That first sensation is butterflies for an impending Super Bowl Live Stream 90-foot drop. But then riders don a virtual reality headset and become immersed in a journey to Mars. They watch their spacecraft lift off. Earth becomes smaller, and they approach the red planet.
When wearing the headset, it’s not clear how high riders have climbed on this drop-tower ride. Instead of the downtown skyline, they see pictures from the surface of Mars. They start to remember the upcoming free fall portion when, suddenly, they’re falling. The virtual reality headset shows them rushing back to NRG Stadium for Super Bowl LI.
This ride, called Future Flight, is part of the free fan festival called Super Bowl Live that officially begins Saturday and continues through Super Bowl Sunday, Feb. 5. The goal is to entertain people, educate them on the future of human spaceflight and showcase the city.
“It’s about economic development, ultimately,” said Ric Campo, board chairman of the Houston Super Bowl Host Committee.People free fall as they ride the Future Flight, virtual reality ride at Discovery Green on Wednesday, Jan. 25, 2017, in Houston. The so-called Super Bowl Live “Wow Factor” is a free drop-tower, that has … more
The Super Bowl will provide marketing at a level Houston couldn’t afford to buy. Campo said ESPN alone will have 120 hours of live TV related to the event, and the Super Bowl overall will create a minimum of 3.5 billion total media impressions.
Campo hopes the festivities will help convert out-of-towners into repeat tourists, maybe even prompt them to move a business to Houston or open a local office.
NASA and aerospace companies are using the Super Bowl Live nine-day Super Bowl Live to showcase their technologies and to inspire the next generation of engineers, scientists and astronauts.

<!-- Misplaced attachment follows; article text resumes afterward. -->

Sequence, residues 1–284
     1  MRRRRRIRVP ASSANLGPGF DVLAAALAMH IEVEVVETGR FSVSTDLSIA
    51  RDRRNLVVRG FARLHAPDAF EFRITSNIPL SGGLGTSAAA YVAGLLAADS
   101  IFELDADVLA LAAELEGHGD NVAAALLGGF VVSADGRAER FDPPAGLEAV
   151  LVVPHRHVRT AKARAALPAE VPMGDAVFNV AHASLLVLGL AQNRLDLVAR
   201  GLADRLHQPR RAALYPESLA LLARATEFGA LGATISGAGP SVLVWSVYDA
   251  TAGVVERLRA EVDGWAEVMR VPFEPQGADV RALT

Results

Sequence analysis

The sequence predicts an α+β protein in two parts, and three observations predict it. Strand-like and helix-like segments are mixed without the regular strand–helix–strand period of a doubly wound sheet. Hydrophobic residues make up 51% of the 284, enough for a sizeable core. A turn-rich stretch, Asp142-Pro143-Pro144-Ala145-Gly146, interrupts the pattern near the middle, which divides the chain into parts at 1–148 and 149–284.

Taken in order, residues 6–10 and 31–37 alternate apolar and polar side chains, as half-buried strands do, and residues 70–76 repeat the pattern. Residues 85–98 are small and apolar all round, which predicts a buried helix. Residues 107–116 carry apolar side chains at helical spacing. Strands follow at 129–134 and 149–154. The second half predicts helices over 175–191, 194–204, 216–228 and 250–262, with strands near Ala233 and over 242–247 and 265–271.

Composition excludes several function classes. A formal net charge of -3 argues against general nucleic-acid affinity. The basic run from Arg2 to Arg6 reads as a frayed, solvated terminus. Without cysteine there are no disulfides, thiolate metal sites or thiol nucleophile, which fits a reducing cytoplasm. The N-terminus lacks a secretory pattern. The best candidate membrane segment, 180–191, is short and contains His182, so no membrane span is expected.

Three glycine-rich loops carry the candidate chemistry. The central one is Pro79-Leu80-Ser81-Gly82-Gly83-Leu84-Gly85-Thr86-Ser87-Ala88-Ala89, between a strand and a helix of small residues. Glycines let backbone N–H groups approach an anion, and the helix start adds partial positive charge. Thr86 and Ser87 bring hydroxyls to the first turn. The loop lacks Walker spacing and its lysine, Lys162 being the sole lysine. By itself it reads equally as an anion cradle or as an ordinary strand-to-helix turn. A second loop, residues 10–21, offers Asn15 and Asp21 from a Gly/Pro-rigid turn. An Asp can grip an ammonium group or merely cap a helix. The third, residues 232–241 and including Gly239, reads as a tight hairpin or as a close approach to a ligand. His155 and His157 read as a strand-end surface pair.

Subject-matter experts and aerospace professionals will be at Super Bowl Live to discuss the technology that will take astronauts to Mars. Companies will also provide STEM – science, technology, engineering and math – activities for younger visitors.
“The future depends on the youth being educated and a part of space exploration,” said Brian Duffy, vice president of exploration systems at Orbital ATK, the prime contractor for Space Launch System, or SLS, rocket boosters.
Raytheon is sponsoring a science museum on wheels called Trailblazer. The traveling exhibit of the Texas Alliance for Minorities in Engineering will provide hands-on exhibits that teach students about energy, space, weather, biotechnology and aerodynamics.
“I don’t think you can get more American than the Super Bowl,” said Todd Probert, vice president of mission support and modernization at Raytheon Intelligence, Information and Services. “And frankly, partnering with NASA is right in line with that.”
Raytheon is a longtime NASA partner. It manages the Neutral Buoyancy Laboratory where the space agency has a full-scale mockup of the International Space Station, and the company has recently assisted NASA with its cybersecurity.
Super Bowl Live will have a full-size Orion test vehicle on display. Orion is the spacecraft designed to take humans to Mars. Also being showcased is a test engine of the RS-25 that will be used in the first stage of the SLS rocket and a full-scale model of the rocket’s upper stage engine, the RL10.